Supporting Children through the COVID-19 Pandemic
by Sarah Lester, MD, and Rebecca Lozman-Oxman, DNP, APRN, MPH | New London Hospital and Newport Health Center
While COVID-19 is affecting children much less than adults–children ages five to 17 make up 9.1% of cases and newborns to four-year-olds represent 1.9% of cases*–the safety measures instituted to slow the spread of the virus have radically changed their lives. Most are learning remotely, lack peer socialization from school and extracurricular activities, and cannot spend time with extended family members and friends. As a result, calls to our pediatric offices for anxiety and depression support have significantly increased.
The good news? There are steps parents can take to improve the mental health of their children as the pandemic wears on. It’s important to recognize how trying the past year has been for everyone: being a parent during a pandemic is really difficult, as is being a child. Acknowledging losses caused by COVID-19 helps children feel heard. Discuss the changes in their routines and education; missed events like graduations, birthday parties, and sporting events; and any feelings of lost security and safety.
Ask children if they have questions about COVID-19 and provide factual, age-appropriate responses. It’s ok to say you don’t have all the answers. You’re there to keep them healthy and to talk: let them vent and be reassuring. Use positive messaging, and ask questions like, “What are you going to tell your grandkids about this time?” to reinforce the temporary nature of the situation.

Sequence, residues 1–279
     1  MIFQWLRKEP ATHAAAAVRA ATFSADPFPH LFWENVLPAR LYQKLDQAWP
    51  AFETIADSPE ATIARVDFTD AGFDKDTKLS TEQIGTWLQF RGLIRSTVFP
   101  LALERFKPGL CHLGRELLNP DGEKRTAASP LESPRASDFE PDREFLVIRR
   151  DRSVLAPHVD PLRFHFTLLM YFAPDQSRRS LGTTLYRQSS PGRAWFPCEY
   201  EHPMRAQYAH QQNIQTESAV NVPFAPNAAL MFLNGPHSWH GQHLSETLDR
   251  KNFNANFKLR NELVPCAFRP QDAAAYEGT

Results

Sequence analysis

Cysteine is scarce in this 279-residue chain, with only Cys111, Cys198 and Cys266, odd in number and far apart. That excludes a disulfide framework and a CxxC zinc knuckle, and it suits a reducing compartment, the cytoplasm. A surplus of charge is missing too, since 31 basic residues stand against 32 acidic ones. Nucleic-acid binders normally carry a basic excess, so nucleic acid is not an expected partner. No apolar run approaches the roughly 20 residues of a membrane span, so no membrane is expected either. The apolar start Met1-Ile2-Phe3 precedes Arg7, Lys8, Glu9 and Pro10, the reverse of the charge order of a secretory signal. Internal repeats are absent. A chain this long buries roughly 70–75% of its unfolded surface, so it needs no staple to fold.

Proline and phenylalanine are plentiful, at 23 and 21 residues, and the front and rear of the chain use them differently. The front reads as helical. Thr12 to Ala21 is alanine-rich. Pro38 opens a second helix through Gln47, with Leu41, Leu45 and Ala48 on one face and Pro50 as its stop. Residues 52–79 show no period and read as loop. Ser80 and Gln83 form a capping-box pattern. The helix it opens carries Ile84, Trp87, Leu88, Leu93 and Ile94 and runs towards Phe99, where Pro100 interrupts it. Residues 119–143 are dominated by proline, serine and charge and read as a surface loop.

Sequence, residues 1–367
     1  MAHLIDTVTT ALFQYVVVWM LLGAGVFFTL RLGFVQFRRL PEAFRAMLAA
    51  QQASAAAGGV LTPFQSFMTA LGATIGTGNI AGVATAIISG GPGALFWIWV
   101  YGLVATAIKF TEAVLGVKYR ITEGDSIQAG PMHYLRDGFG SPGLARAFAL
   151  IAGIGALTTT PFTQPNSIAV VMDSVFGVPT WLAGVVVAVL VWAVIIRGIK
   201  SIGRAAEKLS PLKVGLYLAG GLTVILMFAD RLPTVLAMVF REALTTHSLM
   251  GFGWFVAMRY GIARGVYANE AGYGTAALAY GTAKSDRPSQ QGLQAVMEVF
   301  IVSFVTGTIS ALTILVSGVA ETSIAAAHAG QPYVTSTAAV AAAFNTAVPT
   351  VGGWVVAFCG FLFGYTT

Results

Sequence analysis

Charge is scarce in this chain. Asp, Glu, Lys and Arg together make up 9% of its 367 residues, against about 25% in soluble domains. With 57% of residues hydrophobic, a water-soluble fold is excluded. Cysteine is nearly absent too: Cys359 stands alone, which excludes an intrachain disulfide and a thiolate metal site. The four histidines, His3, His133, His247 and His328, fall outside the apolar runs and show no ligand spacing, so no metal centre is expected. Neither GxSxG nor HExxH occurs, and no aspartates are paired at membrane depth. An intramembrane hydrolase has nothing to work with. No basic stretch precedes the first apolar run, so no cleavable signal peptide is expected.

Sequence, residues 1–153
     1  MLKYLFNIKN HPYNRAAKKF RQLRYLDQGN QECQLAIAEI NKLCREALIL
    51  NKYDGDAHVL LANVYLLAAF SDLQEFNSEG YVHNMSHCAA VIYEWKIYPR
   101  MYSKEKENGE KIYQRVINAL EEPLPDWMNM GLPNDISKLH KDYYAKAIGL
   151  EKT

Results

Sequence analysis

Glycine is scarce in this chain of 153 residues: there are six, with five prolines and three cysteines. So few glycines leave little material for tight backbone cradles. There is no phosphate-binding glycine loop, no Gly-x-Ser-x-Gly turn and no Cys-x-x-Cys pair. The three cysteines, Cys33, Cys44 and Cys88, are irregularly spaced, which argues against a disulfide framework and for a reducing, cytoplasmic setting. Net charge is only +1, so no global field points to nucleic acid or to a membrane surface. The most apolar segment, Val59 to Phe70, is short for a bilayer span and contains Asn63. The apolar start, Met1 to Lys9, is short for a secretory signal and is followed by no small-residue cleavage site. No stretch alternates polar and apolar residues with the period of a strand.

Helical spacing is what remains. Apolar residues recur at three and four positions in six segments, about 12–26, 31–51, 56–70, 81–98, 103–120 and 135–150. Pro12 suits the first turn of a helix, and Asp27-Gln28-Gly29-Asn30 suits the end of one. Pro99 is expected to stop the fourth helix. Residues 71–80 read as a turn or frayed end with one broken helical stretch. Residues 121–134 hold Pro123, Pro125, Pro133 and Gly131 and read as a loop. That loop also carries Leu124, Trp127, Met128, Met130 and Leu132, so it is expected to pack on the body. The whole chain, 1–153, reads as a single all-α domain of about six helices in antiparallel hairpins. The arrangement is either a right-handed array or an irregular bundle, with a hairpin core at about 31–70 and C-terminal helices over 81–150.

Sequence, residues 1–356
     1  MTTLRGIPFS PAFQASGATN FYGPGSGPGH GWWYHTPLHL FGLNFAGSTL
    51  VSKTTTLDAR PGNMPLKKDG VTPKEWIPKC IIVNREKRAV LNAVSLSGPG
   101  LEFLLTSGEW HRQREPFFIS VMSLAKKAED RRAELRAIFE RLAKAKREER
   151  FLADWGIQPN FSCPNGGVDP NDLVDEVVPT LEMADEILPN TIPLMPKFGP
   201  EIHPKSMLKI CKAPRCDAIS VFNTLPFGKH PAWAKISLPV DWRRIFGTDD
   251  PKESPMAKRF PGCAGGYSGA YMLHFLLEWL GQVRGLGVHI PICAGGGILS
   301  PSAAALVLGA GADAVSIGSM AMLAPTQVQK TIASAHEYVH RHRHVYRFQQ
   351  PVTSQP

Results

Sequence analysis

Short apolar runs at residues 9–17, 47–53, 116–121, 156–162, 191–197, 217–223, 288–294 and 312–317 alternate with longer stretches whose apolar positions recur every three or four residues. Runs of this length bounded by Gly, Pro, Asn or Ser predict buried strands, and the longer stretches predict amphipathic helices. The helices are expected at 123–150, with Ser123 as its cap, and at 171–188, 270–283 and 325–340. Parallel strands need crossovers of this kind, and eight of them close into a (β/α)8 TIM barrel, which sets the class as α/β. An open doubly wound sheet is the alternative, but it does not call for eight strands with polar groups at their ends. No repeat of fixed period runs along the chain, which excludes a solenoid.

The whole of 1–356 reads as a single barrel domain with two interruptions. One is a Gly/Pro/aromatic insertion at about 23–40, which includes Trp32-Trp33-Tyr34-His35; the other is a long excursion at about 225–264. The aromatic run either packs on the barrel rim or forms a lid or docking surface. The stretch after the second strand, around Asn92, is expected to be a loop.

It’s helpful to keep a consistent, yet flexible, daily schedule. Those who can pivot easily tend to manage stress better. Follow specific times for meals, exercise, and screen time. Spend some one-on-one time with your children, even if it’s just doing chores together. Praise good behavior, and mix things up with fun, at-home activities like a pretend theme park visit or ice cream for dinner. Redirect any negative behavior and enforce age-appropriate consequences.
Children need socialization and social media provides it, but review their feeds and safe online behavior with them. Model behavior you want to see in your children, including breaks from social media and screen time. Remember to practice self-care, take deep breaths, forgive yourself, forgive others, and don’t compare yourself to anyone–you’re doing a good job!
*as of 1/26/21, CDC.gov
If your child is isolating and not participating in family activities, seek help from your pediatrician, school counselor, or mental health provider. For more information, visit newlondonhospital.org and covid19parenting.com.